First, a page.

Tuesday, 24 March 2015

Weaving the Threads: Three ways to see Castle Waldegg

Draft a post with three parts, each unrelated to the other, but create a common thread between them by including the same item — an object, a symbol, a place — in each part.

Castle Waldegg, Feldbrunnen

The walk all began with a long ascending path.

“No problem” were the wise words of Mr. Swiss. He had done it before lots of times and so it probably was no problem for him. This was my first venture to the castle after a Winter of content sitting at home in the afternoon, letting him loose alone on his migratory wanderings to unknown places, and writing a daily prompt. Times change, it is now warmer weather and time to get my limbs moving again. We had been building up the walking experience, at least I had, by straight flat paths along the river, to the cemetery and visiting the horses at the nearby stables. Now we were on the advanced stage of the hiking mode, we were visiting the castle.

There was a preliminary discussion “Are you ready for this one. It is a long way and do you really want to take the path on the right afterwards. It has a steep descent.”

I mean we were not conquering Mount Everest, just visiting the local castle. A little background: some guy built this around the middle of the 18th century as the Summer palace for the French Ambassador who was always in the State of Solothurn. Today he no longer lives here, but in Bern, with all the other diplomats, and so the castle is used for weddings, exhibitions, food and all the trimmings, and of course for the tourists and people that need to take a walk. And so we began the climb to the castle.

Castle Waldegg, Feldbrunnen

And we arrived, although not together, Mr. Swiss got there first. On the way I was taking a few photographs. There was a tractor, some crows and of course fields to be shown another time. It is surrounded by farming land. As you can see it is a pretty castle, perched on the hill. I always though those castles were built on hills to see the attacking armies, but we had no attacking armies in Solothurn, just tourists. It is not far from where we live. We cross the main road and are already on the upward path. Although the road/path is empty certain inhabitants of our village, including us, have a special label on our front car window to show that we are amongst the chosen few that are allowed to drive their car up the path. I would also mention there are three very handy benches on the left in front of the castle for those people, like me, that need to rest after the long walk upwards. However on this particular walk we were attacking the path at the right of the castle with a steep descent. We carried on regardless.

Behind castle Waldegg

We conquered the path with the steep descent, although Mr. Swiss found a useful tree stump to sit on  just before the steep descent. As I had now become a fully professional hiker, I did not need this tree stump. I already had my eye on a bench at the bottom of the steep descent, so I carried on walking, taking photos on the way. I could now see the castle from the other side. In the meanwhile Mr. Swiss had caught up with my swift steps and was also sitting on the bench next to me.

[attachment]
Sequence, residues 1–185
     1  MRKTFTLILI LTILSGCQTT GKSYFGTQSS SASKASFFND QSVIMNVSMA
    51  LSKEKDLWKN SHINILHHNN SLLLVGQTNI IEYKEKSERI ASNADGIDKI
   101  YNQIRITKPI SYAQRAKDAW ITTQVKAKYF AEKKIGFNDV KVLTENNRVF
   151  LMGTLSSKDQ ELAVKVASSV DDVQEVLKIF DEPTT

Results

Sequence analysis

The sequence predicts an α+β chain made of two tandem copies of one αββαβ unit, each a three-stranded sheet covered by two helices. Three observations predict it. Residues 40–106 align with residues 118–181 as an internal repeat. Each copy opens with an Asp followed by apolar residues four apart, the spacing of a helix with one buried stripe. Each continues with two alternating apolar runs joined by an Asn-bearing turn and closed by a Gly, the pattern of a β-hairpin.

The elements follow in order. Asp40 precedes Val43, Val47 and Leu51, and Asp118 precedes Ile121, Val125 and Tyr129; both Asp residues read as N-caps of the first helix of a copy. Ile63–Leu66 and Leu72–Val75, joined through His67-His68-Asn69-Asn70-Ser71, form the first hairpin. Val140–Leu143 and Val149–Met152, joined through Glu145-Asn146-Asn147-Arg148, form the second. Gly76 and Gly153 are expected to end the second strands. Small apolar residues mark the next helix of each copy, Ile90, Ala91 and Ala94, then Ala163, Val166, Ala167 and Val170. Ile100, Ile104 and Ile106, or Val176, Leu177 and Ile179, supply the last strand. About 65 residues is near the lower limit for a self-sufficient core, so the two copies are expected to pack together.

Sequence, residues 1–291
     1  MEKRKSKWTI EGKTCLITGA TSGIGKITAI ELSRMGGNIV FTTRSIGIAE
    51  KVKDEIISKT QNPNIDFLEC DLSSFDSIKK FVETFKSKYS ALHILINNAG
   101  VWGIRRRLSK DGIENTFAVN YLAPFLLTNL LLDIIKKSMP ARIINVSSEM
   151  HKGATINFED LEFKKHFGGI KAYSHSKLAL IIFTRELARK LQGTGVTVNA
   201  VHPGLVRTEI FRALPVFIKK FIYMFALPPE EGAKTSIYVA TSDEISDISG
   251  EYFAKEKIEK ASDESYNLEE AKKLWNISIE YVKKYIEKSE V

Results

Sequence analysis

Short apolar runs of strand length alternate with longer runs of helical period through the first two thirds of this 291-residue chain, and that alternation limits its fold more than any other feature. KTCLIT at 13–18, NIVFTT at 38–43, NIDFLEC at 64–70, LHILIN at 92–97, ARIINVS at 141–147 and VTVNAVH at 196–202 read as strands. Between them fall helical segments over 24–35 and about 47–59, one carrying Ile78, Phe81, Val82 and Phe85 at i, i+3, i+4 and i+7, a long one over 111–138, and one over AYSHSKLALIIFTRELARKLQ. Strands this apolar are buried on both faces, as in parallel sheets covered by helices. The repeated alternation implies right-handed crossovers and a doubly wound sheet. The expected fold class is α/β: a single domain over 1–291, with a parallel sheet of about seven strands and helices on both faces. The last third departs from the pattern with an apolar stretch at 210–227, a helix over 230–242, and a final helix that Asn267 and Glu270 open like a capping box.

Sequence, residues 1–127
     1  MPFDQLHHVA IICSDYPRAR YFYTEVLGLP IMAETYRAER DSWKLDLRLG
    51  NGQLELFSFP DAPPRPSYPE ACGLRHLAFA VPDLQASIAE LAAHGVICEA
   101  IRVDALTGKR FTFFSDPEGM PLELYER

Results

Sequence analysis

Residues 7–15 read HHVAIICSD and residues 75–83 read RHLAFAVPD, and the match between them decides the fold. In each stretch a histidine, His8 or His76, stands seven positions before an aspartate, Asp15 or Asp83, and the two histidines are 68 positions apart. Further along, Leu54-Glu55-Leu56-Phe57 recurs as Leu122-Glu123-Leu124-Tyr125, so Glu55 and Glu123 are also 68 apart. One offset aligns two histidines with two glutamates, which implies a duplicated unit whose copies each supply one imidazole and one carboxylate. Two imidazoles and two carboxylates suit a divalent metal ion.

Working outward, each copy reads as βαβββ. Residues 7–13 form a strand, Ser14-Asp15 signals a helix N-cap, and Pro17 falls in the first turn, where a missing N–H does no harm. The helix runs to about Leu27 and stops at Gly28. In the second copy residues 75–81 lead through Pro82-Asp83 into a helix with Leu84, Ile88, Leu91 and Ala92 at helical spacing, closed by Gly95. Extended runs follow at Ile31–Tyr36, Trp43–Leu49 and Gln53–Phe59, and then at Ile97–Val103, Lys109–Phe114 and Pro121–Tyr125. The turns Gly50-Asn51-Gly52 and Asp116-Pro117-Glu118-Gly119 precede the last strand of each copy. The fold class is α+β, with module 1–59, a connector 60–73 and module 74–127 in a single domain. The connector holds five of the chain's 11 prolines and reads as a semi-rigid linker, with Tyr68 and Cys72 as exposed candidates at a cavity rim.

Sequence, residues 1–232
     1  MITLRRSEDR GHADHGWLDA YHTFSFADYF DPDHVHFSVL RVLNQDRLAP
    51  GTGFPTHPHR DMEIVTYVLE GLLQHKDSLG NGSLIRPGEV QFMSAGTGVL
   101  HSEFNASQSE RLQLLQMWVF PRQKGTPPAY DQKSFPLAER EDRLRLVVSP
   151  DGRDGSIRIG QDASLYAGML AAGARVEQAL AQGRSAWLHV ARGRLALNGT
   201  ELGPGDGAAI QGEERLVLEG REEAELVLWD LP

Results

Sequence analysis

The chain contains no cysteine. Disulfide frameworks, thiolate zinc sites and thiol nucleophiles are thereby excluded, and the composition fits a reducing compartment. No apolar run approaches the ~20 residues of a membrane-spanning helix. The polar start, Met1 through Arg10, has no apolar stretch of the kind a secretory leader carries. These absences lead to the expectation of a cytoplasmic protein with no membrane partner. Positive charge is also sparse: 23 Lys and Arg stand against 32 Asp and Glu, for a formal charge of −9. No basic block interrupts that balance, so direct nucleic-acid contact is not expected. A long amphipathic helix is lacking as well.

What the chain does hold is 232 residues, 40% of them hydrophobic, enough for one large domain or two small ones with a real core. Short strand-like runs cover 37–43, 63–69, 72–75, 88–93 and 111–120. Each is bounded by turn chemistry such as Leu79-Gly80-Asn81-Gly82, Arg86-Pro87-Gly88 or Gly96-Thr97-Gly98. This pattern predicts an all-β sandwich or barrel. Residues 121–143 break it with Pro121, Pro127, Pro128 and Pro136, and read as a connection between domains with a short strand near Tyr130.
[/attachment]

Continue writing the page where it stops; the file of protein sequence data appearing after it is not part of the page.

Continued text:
We walked on to take a closer photo of the other side of the castle. As you can see on this photo, there is a grass mound on the right side. No-one really knows what this is, but it has always been there in the village. Is it perhaps a burial ground for the extinct Helvetians who were the founders of the Swiss nation? Perhaps it is the secret vaults of the Swiss National Bank where they keep the gold reserves? It might be the entrance to a tunnel leading to the lower part of the village. Rumour has it that the leaders of the village at the time decided to build this mound, cover it with grass and leave it for a few years. One day no-one would not know why the mound was there or what the purpose was, and perhaps someone would write a blog about it.

And just to round up this three photo blog, here is a fourth photo of me on the bench at the bottom of the descent. Note I am wearing a different t-shirt, not that you get the impression that I possess only one t-shirt. At the moment I am in the process of ordering a new t-shirt with my www  site address on it. There are untold possibilities of attracting more viewers for my Angloswiss web site with such a t-shirt. Perhaps a scout from the Pulitzer or Nobel prize groups will see my t-shirt, read my site and I will at last receive my well deserved prize. Now where did I put the tape measure?

Me, resting during a walk

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1 comment:

  1. It certainly is a lovely place for a walk. If it were local to me, I'd be doing this walk often.